Plaque above commemorates Jean Moulin. It is a 22 rue de France in Nice.
(Béziers, 20 juin 1899 – Metz, 8 juillet 1943)
Regarded as one of heros of the French Resistance Movement in the Second World War
He was a member of the French prefectorial body. His Mediterranean origins led him to make, before the Second World war, several stays on the French Riviera. The light and the spectacular landscapes he saw contributed to his pictorial paintings he signed Romanin. He was Prefect of Eure-et-Loir ( Chartres) during the German invasion. The Occupants tried to humiliate him, provoking an attempt of suicide. Fired by Vichy in 1940, he took refuge in the free zone and went underground in the Alpes-Maritimes. Using the alias Joseph Mercier, he reached London via Lisbon, then London in 1941. Charged by General de Gaulle to unify the movements of resistance, he was parachuted back to France in 1942. The mission drove him a dozen times in the Alpes-Maritimes, where he met other Resistance leaders to gather them behind General de Gaulle. In 1942, he tried to get from Antibes to London in a submarine. After this episode, he opened a picture gallery in Nice, at 22 rue de France, which was inaugurated in February 1943. The Romanin gallery included the paintings of Max’s personal collection, and was managed by his friend Colette Pons and served as “cover” to his secret activities; The apartment situated above it received many representatives of free France and the Resistance until he was arrested in Caluire, toutured and later killed. His ashes were transferred to the Pantheon on December 19, 1964. A plaque on the facade of the former gallery Romanin, as well as in Antibes, Cannes, Nice, La Trinité, Villeneuve-Loubet; and about fifteen toponymical sites remind of his stay and his sacrifice.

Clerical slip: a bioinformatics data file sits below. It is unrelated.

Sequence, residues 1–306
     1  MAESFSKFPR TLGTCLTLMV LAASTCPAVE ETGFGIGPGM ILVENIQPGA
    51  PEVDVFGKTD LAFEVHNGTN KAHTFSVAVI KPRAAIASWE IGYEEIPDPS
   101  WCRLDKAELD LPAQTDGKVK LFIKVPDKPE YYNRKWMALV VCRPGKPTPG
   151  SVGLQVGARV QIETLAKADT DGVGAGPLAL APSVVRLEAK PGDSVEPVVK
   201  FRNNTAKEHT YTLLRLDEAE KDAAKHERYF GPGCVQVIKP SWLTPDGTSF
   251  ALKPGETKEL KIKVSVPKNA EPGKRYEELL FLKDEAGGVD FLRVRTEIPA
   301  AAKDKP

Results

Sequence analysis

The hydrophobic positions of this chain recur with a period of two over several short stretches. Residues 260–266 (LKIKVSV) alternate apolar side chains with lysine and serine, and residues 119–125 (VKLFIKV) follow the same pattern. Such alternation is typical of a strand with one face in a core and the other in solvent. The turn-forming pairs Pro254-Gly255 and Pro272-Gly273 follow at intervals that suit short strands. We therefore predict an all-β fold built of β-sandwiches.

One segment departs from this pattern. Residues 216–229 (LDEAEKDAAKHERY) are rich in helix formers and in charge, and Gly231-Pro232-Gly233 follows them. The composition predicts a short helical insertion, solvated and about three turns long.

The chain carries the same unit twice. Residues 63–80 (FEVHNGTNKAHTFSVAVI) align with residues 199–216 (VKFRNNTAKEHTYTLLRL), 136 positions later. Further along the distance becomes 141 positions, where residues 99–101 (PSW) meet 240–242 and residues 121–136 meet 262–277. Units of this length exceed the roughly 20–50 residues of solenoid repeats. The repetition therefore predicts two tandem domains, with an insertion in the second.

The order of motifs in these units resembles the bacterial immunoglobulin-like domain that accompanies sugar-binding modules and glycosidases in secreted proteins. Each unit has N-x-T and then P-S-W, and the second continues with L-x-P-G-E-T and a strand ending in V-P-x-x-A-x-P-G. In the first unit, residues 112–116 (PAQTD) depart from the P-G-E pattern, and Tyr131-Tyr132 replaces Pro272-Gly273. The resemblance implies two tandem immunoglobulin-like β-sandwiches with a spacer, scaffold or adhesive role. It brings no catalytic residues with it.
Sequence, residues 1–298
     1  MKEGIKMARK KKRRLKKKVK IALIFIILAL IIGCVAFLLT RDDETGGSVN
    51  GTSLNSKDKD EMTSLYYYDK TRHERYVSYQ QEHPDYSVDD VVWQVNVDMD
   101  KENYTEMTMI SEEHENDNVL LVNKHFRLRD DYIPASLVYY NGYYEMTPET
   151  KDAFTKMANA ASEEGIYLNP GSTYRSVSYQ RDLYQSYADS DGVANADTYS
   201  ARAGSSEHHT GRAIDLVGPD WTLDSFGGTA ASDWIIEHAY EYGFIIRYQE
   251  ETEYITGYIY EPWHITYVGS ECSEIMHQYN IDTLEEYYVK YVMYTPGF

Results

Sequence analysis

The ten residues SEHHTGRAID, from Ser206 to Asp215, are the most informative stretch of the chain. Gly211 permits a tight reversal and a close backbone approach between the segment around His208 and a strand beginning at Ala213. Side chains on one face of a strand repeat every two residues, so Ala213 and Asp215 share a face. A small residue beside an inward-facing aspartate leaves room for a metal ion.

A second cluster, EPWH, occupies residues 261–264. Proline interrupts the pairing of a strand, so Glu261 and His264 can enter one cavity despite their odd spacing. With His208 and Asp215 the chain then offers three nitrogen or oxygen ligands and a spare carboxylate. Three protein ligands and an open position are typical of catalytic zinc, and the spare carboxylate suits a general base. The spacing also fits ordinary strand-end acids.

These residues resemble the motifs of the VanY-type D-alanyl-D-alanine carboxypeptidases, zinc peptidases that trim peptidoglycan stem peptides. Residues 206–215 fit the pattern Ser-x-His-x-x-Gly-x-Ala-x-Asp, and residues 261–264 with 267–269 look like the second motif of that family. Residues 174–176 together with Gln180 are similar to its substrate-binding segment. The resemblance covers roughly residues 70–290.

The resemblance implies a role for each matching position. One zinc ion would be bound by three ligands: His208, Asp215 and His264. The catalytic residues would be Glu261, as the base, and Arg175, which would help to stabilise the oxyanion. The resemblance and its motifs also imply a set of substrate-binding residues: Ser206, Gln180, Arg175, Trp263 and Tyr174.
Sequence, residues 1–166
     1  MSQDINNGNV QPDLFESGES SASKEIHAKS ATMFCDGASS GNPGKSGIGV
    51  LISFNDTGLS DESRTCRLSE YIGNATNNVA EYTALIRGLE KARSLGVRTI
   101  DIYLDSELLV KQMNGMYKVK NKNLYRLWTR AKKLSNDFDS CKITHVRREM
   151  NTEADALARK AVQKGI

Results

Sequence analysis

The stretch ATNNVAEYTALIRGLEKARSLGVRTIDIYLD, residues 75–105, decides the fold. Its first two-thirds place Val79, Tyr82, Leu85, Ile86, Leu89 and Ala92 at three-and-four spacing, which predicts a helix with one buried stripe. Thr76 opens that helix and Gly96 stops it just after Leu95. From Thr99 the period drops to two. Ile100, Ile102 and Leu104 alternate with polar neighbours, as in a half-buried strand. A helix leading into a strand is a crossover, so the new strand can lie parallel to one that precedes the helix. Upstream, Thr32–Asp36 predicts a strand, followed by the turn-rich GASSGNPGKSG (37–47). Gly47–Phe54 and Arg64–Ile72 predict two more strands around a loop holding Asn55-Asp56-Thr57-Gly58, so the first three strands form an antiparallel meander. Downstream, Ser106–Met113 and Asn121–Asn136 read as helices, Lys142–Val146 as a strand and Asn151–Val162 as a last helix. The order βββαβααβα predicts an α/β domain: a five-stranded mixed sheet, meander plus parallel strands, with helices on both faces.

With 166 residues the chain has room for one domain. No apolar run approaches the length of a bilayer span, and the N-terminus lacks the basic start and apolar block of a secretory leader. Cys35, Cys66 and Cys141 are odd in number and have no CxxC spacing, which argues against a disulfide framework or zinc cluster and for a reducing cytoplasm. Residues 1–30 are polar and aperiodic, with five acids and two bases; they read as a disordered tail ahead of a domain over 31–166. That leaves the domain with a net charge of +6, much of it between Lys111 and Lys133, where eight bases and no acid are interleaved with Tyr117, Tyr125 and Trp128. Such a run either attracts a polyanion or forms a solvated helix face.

Next to his gallery and under his apartment is a restaurant.
Here is a classic picture of Jean Moulin
Here is another plaque in Villefranche